In 1972 Edelstam was appointed the Swedish Ambassador to Chile  first and foremost to transmit Swedish assistance to the government coalition Unidad Popular in Chile. However, the assistance ceased at the time of General Augusto Pinochet's military coup d Ìtat on the 11th of September 1973. Edelstam had from the start in Chile openly expressed his sympathy for the socialist President Salvador Allende, elected by popular vote. Subsequent to Allende's overthrowing, Edelstam became famous for
his bravery, saving many lives of people seeking protection from the dictatorship. By opening up the Swedish Embassy and conducting major confrontations and negotiations with the Chilean military, and he managed to obtain the release of many doomed people from the notorious concentration camp at the National Stadium and elsewhere in Chile, who were then brought safely to Sweden. In these ways, Ambassador Edelstam challenged those who extended their power by curtailing democracy and persecuting others.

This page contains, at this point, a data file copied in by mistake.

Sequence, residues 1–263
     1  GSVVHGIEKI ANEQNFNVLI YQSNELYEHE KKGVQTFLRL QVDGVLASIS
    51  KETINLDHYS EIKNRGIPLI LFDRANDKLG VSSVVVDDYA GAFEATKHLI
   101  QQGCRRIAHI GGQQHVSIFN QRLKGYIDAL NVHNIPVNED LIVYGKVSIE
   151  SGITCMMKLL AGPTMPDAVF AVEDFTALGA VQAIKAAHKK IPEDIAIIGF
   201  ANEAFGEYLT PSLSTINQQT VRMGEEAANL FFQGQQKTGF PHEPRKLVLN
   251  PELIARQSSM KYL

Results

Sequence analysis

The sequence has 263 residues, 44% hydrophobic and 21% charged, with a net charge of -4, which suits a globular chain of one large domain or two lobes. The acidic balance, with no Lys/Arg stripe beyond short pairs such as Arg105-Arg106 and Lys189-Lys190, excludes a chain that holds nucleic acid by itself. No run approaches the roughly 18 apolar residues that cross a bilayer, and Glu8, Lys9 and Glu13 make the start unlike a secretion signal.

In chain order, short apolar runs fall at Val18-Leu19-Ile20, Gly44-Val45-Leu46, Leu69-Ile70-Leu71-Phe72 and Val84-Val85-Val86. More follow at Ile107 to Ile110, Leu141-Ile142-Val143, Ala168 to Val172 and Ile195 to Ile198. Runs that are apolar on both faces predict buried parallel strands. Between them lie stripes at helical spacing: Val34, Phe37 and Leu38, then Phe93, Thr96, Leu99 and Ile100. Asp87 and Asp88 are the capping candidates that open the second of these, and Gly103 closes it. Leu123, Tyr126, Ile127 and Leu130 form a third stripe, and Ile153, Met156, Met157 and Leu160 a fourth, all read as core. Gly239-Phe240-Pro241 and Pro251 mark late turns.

The military regime did not appreciate Edelstam's engagement and in December 1973 he was expelled from Chile by the coup generals and declared ”persona non grata." Nevertheless, before leaving Chile, Edelstam managed to save more than a thousand lives, protecting them from death, prison, and torture.

Being courageous often comes with a high price to pay. Harald Edelstam died as a quite lonely man; many friends and colleagues turned their back against him. However, Edelstam decided to act, whatever the price. In every situation in which he was confronted, he had the option of using his diplomatic immunity for saving him self, or the choice of acting to protect others in imminent danger. His generosity left us a legacy of coherence and responsibility, a reference for our collectiveduty to act in protection of defenseless people who are the victims of serious abuses.

"Simply, I cannot tolerate injustice." - Harald Edelstam

Caroline Edelstam, Präsidentin der Edelstam Stiftung und Enkelin von Harald Edelstam.

Caroline Edelstam